The Facts Machine

"And I come back to you now, at the turn of the tide"

Tuesday, May 10, 2005


I'd be a lot more prone to giving Mickey Kaus credt for some of the better points he makes in his article on the Social Security debate from a few days ago if he hadn't allowed himself to buy into the Big Lie from the Bush/Pozen plan. Basically, the cuts start at (or for you partisan Republicans, "the smaller increases in guaranteed benefits start at) people with incomes of $20,000 or more. I've lived in California for all of my life, and in the Bay Area for most of it. If you're an adult there, and you're making $20,000, there's no two ways about it, you're poor. Especially if you're supporting a family. And when you retire, you'll be a lot more fucked than under the current system.

With that in mind, the big problem with Kaus' piece is quite fundamental: Cuts or not, he buys the Bush line that the people being affected are "middle and upper class" Americans. Having done that, he dwells on the "richer/poorer" dichotomyh throughout the piece. To wit:
What's more, what Bush has proposed is similar to "means-testing"--cutting the Social Security benefits of the more affluent--and I've been in the means-testing camp for decades.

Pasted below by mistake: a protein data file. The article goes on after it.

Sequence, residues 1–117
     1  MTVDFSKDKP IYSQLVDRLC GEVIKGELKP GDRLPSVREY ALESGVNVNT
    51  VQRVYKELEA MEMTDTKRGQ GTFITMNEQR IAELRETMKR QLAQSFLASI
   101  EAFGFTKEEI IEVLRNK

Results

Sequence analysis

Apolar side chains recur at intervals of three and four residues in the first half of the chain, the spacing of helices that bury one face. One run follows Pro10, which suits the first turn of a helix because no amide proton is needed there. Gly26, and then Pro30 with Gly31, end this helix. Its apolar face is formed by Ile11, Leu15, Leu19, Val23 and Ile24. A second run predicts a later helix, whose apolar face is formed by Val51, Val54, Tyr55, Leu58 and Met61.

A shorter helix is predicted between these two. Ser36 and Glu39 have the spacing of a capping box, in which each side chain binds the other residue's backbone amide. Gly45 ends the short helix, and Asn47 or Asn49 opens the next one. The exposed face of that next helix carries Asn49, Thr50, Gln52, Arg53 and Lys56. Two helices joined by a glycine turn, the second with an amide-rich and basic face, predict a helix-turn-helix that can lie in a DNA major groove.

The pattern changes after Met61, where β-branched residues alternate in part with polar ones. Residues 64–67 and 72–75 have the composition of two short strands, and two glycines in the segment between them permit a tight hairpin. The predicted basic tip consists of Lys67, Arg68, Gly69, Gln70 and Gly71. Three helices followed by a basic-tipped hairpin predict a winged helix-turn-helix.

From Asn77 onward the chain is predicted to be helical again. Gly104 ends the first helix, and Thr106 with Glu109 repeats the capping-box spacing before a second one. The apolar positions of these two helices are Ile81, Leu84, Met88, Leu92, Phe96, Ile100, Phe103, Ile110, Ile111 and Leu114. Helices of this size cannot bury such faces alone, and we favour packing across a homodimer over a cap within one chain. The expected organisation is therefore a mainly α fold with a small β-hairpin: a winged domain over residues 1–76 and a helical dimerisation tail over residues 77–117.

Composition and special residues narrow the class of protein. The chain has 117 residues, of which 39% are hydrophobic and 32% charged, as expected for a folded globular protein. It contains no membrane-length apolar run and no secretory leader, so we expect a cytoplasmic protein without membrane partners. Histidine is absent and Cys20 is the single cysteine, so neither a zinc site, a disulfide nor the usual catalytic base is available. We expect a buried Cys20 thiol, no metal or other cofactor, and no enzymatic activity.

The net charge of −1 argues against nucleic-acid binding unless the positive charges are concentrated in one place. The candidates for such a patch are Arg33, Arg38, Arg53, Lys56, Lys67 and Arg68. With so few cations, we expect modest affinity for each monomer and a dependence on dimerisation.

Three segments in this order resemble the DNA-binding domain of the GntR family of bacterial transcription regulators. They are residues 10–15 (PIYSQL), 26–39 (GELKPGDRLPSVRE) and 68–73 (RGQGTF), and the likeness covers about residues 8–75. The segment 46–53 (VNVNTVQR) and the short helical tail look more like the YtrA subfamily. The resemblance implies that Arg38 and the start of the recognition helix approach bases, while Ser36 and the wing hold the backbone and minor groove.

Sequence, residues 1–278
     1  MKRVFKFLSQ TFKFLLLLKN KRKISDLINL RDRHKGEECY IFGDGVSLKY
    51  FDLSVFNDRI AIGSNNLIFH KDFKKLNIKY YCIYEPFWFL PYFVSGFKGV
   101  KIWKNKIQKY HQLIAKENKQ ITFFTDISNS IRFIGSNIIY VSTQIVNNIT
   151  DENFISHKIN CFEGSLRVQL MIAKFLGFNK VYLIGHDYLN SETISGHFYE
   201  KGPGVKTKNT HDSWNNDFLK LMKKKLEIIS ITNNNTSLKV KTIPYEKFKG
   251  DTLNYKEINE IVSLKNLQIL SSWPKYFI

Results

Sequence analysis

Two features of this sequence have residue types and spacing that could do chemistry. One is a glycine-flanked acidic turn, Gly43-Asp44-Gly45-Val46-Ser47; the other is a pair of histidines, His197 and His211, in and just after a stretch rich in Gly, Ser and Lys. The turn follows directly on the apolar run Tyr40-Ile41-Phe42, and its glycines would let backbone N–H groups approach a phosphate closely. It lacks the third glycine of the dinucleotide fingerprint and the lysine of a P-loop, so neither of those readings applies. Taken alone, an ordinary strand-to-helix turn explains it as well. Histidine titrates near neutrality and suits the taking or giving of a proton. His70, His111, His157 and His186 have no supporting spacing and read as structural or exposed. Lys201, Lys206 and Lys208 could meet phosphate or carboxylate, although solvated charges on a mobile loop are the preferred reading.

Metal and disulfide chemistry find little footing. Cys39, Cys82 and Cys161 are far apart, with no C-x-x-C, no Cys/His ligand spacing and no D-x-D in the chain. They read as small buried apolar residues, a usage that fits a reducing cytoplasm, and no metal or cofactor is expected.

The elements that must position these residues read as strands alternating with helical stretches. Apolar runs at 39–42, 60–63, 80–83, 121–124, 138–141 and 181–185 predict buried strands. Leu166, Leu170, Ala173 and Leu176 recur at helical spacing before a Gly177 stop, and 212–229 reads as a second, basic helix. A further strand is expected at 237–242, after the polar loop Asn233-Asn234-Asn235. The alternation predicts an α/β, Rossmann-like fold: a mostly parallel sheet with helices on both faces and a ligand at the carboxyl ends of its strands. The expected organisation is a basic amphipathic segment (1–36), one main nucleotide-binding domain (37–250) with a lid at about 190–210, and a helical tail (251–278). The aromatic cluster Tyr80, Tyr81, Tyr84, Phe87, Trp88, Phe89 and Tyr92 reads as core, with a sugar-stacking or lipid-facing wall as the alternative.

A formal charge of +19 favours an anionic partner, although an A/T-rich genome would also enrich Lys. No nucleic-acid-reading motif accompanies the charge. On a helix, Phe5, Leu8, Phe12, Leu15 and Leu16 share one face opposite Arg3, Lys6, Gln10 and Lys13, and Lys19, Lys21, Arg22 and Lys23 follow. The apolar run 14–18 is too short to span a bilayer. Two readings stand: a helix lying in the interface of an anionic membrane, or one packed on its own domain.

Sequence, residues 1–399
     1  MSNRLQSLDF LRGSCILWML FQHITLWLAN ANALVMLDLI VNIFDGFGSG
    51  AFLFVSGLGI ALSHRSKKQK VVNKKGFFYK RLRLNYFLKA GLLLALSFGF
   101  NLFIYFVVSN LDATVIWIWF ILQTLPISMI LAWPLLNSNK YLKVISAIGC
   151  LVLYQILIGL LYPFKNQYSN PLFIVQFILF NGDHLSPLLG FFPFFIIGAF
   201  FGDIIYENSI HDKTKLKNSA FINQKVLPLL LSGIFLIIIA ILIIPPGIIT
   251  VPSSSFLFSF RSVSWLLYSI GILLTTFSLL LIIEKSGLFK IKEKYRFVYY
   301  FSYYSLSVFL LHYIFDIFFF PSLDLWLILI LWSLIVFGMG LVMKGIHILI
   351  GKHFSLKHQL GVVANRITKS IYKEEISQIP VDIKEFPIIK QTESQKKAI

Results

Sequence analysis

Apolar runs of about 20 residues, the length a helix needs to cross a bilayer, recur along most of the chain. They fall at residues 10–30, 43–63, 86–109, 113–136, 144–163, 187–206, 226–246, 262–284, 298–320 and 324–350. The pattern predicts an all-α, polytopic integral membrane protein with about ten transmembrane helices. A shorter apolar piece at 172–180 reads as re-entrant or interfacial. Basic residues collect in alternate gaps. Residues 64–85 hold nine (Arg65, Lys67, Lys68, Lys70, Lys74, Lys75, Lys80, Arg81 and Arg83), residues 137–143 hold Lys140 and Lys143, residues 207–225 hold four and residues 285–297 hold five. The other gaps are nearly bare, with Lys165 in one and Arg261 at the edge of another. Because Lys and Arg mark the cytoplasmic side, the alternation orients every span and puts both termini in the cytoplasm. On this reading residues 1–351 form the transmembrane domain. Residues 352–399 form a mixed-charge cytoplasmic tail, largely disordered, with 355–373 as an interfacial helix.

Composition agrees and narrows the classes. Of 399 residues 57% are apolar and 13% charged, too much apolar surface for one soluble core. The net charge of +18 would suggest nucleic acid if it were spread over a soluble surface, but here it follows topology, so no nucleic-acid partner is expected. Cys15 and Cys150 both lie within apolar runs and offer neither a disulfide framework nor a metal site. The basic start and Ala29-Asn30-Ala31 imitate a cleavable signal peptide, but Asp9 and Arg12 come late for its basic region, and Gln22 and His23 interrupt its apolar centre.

...Currently we're using 12.4 percent of our national payroll to mail Social Security checks to rich and poor alike.

...The Pozen plan is really not a means test at all but rather an adjustment in Social Security's existing benefit schedule, gradually lowering the benefits to which higher-wage earners are entitled, whether they are wealthy or imporverished when they get older (although high-wage workers would still get slightly higher benefits than low-wage workers).
(emphases mine) In throwing this dual model at us, Kaus never mentions where on the income scale the benefit cuts begin under the Bush/Pozen plan.

What makes this dichotomy all the weirder is what Kaus says when he goes after his bearded arch-nemesis Paul Krugman:
NYT columnist Paul Krugman, criticizing Pozen, repeats the old saw that "programs for the poor always turn into poor programs." But even if Pozen did make Social Security a program for the poor, which it doesn't, the old saw isn't true. The disproof: the Earned Income Tax Credit. It's a program for the poor--it goes only to people making less than $35,000. But it's a good program! It works. It's popular. Congress after Congress has supported and indeed expanded it. It's popular because, like Social Security, it's work tested. As its name implies, it only goes to people who've earned some income. If means testing makes Social Security as unpopular as the EITC, Democrats have nothing to fear.
(Emphasis mine) In making this designation, Kaus has made a bit of an overlap, which I will now demonstrate in The Facts Machine's first ever table:
IncomeKaus thinks they're...
$35k and upRich
In his haste in trying to prove Krugman wrong, Kaus has contradicted himself. It's a bit more hilarious when you consider that 35k is pretty close to the median income in this country. Furthermore, using the EITC as an example is a shoddy tactic; after all, in effect it's a tax cut, so it's low on the GOP's list of "welfare-ish stuff to kill". The better example is Medicaid. And guess what? The Republicans just cut it by $10 billion!


Post a Comment

Subscribe to Post Comments [Atom]

Links to this post:

Create a Link

<< Home